Nevertheless, we take this opportunity to emphasize the importance of the forty-eight hour requirement as a constitutional mandate. Consequently, the state is obliged not to wait until this deadline is about to expire to bring the defendant to the court. Moreover, if the deadline is imminent, the state is obliged to bring that fact to the marshals' attention so that the presiding judge in the criminal court may be alerted to take appropriate measures. We also recognize that there may be situations in which the violation of the forty-eight hour requirement is so egregious or in which the delay is caused by an improper purpose. In those situations a balancing of the interests of individual liberty and community protection may favor release.12 In this situation, however, because the defendant was present in the courthouse within the forty-eight hour time period and probable cause was found one hour and thirty-five minutes after the forty-eight hour time period expired, a balancing of the interests of individual liberty and community protection do not require release. It is important to point out that this is not a close case with respect to the appropriateness of release. The actions of the state actors do not approach the kind of flagrant misconduct that would warrant release in the exercise of judicial discretion as a means of vindicating the interests protected by Practice Book § 37–12(a). Moreover, we are not presented with a pattern of disregard for these requirements by the state or the bench that might require us to consider a per se prophylactic rule. Thus, even if we assume that the failure to make a probable cause finding within forty-eight hours after his arrest is a technical violation of the constitutional requirement, the fact that probable cause was found one hour and thirty-five minutes after the expiration of the forty-eight hour period renders the effect de minimis in the present case.

The trial court's decision denying the defendant's motion for release is affirmed and the case is remanded for further proceedings according to law.

In this opinion the other justices concurred.

FOOTNOTES

1.  General Statutes § 52–265a provides: “(a) Notwithstanding the provisions of sections 52–264 and 52–265, any party to an action who is aggrieved by an order or decision of the Superior Court in an action which involves a matter of substantial public interest and in which delay may work a substantial injustice, may appeal under this section from the order or decision to the Supreme Court within two weeks from the date of the issuance of the order or decision. The appeal shall state the question of law on which it is based.“(b) The Chief Justice shall, within one week of receipt of the appeal, rule whether the issue involves a substantial public interest and whether delay may work a substantial injustice.“(c) Upon certification by the Chief Justice that a substantial public interest is involved and that delay may work a substantial injustice, the trial judge shall immediately transmit a certificate of his decision, together with a proper finding of fact, to the Chief Justice, who shall thereupon call a special session of the Supreme Court for the purpose of an immediate hearing upon the appeal.“(d) The Chief Justice may make orders to expedite such appeals, including orders specifying the manner in which the record on appeal may be prepared.”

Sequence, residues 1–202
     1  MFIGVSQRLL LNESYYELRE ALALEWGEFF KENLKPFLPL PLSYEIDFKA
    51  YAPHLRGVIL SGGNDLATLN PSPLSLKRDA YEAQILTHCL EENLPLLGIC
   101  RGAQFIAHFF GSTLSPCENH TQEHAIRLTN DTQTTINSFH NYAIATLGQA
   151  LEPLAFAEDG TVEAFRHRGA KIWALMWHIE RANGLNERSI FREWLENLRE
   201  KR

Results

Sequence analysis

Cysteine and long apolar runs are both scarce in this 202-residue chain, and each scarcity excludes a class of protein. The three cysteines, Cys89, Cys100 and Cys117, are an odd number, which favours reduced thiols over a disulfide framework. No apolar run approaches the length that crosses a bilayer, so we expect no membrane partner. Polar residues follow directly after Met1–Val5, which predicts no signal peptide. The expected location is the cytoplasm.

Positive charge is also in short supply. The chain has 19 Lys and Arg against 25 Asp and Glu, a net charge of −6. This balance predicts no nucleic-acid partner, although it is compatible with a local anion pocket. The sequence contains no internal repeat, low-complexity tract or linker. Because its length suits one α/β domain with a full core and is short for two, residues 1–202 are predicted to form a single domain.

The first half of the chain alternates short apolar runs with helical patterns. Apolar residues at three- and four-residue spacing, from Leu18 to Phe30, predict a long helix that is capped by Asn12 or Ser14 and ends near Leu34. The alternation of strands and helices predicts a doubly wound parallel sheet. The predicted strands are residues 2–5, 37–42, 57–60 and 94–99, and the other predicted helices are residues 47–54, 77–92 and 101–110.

2.  The Chief Justice granted the defendant's § 52–265a application limited to the following issues: (1) “Did the Appellate Court properly determine that the trial court correctly set bail for the defendant, rather than releasing him, when probable cause for the arrest of the defendant was found by the court more than forty-eight hours after his arrest?” and (2) If the trial court was required to release the defendant pursuant to Practice Book § 37–12, is there any limitation on what conditions of release could be imposed by the trial court?” State v. Heredia, 308 Conn. 903, 903–904, 61 A.3d 1096 (2013). Upon closer review of the briefs and the record, we now recognize that the formulation of the first question misstates our inquiry in the present case because it is an appeal pursuant to § 52–265a, in which this court directly reviews an interlocutory order of the Superior Court. We have, therefore, reformulated the certified question to more accurately reflect the issue presented. See DiPietro v. Farmington Sports Arena, LLC, 306 Conn. 107, 111 n. 2, 49 A.3d 951 (2012) (reformulating certified question “to reflect more accurately the issue presented”).